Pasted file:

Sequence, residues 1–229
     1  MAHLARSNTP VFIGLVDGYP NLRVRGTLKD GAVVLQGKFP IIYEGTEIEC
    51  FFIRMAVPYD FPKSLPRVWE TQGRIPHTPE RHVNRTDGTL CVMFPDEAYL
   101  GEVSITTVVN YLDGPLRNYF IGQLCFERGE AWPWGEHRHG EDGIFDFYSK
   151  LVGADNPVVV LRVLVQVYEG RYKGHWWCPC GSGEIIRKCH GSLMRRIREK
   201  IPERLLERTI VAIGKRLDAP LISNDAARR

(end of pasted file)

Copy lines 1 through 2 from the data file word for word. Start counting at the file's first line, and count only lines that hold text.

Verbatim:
Sequence, residues 1–229
     1  MAHLARSNTP VFIGLVDGYP NLRVRGTLKD GAVVLQGKFP IIYEGTEIEC